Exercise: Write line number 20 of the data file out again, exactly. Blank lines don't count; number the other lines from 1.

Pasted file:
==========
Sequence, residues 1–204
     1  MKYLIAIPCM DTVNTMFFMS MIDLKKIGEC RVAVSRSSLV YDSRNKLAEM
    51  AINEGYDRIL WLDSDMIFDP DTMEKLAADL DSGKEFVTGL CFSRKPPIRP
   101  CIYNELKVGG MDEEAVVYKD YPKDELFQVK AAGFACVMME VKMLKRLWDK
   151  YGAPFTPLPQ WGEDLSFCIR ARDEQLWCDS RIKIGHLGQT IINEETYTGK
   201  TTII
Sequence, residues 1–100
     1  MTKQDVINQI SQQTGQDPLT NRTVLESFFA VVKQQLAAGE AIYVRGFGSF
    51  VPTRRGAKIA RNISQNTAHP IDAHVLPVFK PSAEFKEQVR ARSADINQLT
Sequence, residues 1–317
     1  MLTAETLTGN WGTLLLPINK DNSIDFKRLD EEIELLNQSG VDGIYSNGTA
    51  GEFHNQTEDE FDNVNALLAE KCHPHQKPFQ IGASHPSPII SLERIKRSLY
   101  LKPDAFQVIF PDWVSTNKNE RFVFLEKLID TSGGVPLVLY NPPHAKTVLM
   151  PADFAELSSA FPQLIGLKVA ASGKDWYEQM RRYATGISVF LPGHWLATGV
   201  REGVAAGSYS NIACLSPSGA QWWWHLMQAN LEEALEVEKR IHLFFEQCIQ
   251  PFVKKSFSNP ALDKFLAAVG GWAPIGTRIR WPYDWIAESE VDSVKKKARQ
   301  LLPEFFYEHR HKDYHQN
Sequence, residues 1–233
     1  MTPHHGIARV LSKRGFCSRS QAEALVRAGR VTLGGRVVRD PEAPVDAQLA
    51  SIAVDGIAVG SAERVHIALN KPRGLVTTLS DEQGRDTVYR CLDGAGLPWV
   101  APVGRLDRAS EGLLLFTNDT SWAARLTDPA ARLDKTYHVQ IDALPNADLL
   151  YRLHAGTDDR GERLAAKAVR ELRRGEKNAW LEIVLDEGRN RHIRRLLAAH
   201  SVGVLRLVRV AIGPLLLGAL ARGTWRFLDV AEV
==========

    51  SIAVDGIAVG SAERVHIALN KPRGLVTTLS DEQGRDTVYR CLDGAGLPWV